Ludovic Frank - Freelance developer

Add your own search engine (OpenSearch) via a Chrome extension

ionicons-v5-k Ludovic Frank May 8, 2023
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Hello there,
This week's article comes from an observation I made recently. Before, in Chrome, when you visited a site that offered OpenSearch, it automatically added it to the browser's search engines, so all you had to do was type "a keyword" + space and start searching directly from the browser's omnibox.

This browser behavior has recently changed (perhaps for the better, as it prevents anything and everything from being added to the browser).
Now, in Chromium (and therefore Chrome and other browsers based on it), you have to go to the settings to manually activate a search engine. For someone used to computers, this is simple, but for someone who isn't, it can be complicated.

The aim of this article is to create a Chrome extension which, once installed, "adds" the search engine to the browser omnibox, so that users simply have to install the extension to access the search engine from their browsers.

What is OpenSearch?

OnpenSearch (for browsers) is a "standard" that enables web browsers to discover the search engines offered by different sites.

To show browsers that a search engine is available, you need to add a line in the "head" of HTML pages:

Example of an "opensearch" tag

As you can see, this tag calls the file to a "/search.xml" file, which you can call something else if you wish.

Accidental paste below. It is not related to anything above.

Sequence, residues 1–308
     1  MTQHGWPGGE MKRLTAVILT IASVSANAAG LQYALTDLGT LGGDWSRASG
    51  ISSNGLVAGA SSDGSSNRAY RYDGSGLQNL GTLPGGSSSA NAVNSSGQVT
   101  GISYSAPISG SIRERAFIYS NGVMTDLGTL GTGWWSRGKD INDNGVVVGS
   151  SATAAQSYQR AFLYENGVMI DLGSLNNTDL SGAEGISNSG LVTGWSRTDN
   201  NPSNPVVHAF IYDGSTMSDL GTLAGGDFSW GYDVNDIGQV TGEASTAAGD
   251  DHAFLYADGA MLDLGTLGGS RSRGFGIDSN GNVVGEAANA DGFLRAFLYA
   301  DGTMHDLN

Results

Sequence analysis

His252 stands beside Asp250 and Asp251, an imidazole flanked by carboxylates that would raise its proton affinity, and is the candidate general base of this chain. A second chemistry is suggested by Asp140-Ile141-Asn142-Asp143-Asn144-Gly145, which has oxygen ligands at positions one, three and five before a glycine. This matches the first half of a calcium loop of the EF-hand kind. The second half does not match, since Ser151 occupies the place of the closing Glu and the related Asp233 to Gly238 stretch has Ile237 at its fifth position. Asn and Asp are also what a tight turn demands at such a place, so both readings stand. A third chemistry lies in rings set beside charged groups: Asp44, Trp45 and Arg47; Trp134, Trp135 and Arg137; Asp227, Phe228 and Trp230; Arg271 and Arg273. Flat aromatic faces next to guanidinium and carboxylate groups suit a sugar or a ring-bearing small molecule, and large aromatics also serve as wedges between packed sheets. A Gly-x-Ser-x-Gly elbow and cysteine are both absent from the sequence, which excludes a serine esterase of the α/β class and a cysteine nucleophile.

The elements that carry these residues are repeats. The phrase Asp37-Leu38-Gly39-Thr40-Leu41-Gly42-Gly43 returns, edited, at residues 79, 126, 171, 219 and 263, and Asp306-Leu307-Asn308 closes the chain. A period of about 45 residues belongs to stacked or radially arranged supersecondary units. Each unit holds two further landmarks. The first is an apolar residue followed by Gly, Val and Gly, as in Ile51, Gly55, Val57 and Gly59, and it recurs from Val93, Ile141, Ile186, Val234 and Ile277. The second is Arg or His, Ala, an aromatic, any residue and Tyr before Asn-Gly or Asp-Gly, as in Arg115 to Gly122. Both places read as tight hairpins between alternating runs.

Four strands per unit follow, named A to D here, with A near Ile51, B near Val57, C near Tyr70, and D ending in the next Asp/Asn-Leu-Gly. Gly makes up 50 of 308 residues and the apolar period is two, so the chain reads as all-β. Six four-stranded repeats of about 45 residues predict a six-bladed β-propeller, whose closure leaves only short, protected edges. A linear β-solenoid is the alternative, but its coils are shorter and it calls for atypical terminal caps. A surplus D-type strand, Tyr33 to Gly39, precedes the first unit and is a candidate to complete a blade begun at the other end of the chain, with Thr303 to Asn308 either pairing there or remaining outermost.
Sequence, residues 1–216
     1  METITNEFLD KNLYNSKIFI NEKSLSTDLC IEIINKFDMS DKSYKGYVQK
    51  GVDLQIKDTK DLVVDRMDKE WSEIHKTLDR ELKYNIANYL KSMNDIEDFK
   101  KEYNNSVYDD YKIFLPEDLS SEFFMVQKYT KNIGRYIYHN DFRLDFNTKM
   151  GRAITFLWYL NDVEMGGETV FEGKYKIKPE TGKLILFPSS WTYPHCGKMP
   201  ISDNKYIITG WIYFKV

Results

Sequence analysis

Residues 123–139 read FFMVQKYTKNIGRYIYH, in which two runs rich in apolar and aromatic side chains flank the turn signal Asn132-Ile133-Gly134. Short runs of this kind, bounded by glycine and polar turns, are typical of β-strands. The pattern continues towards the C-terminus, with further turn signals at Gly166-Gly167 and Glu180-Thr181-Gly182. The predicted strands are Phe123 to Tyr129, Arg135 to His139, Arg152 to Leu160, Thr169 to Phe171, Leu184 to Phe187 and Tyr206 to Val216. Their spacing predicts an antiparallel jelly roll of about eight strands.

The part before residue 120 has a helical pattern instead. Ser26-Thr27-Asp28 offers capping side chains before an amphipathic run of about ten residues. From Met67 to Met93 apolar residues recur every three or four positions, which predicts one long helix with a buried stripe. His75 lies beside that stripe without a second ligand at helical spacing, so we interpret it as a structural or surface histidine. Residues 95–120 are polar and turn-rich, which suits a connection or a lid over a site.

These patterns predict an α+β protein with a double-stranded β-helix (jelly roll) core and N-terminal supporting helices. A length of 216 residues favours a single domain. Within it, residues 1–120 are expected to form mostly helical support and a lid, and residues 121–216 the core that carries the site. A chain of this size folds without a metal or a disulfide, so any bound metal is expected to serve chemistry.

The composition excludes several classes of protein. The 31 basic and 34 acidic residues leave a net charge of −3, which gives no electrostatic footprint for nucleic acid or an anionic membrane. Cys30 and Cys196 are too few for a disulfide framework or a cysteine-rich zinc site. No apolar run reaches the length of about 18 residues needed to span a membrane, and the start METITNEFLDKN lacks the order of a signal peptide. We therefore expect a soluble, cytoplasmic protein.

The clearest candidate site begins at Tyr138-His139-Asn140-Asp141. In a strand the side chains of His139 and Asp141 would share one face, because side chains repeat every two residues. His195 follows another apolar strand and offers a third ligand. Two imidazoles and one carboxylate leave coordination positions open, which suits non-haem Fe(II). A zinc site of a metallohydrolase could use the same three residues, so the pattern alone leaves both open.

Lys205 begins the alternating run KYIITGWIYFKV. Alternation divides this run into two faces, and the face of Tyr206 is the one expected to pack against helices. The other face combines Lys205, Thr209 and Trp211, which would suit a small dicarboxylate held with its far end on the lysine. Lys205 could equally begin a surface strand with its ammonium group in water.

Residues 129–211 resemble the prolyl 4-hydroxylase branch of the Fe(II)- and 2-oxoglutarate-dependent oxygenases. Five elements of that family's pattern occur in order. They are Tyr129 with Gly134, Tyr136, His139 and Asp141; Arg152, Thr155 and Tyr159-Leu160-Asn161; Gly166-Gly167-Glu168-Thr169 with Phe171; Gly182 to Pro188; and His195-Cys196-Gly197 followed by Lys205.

Here's an example of what the XML file contains:

Example of a search.xml file for OpenSearch

Nothing too complicated, just define a keyword, a name, the URL of the search page and a URL for auto-completion.
To see the format your autocomplete URL should return, just look here- yes, it's a simple JSON.

This will have the effect, for example in Firefox, of proposing the addition of a new search engine in the address and search bar when you visit the site.

Adding a search engine to Firefox with OpenSearch.

Adding a search engine in Firefox with OpenSearch.

You can see on this screenshot the little logo of my site with a small + in green. By clicking on it, you'll add the search engine to your browser.

Creating the extension

This is done in two parts: the manifest file, to tell the browser what permissions we need, and the background.js file, which contains the extension's simple code.

The manifest

The manifest is a simple JSON file:

A Chrome extension manifest file.

Here, we see that I'm requesting the "activeTab" permission and using the keyword "ludo" to trigger the extension in Chrome's search bar.
The "activeTab" permission lets me know if we're in a new tab or not, and also lets me know if the current tab is my site, to prevent a new tab from being reopened on the site.

The code (here background.js)

Now for the code - don't worry, it's not too difficult!

Code using the "omnibox" webextensions API (Chrome).

Here you can see that I'm using three APIs: action, tabs and omnibox:

  • Action: simply allows me to do something when the user clicks on the little extension button in his extension bar, here I open the site's search page, if it's not already the current page.
  • Tabs: lets me know if the current page is my site, or if we're in a new tab with "chrome://newtab/".
  • Omnibox: This is where it all really happens, managing Omnibox entries, including autocompletion (which is done with a fetch to the URL that returns OpenSearch autocompletions). As well as launching the search when you press enter (simply open the search page with the right parameters.


So that's it, all that's left to do is to publish this extension on the browser "store" to distribute it. I wouldn't do that, as it wouldn't be of much use - I've done it mainly for my own use...
That's all for this article, see you next time?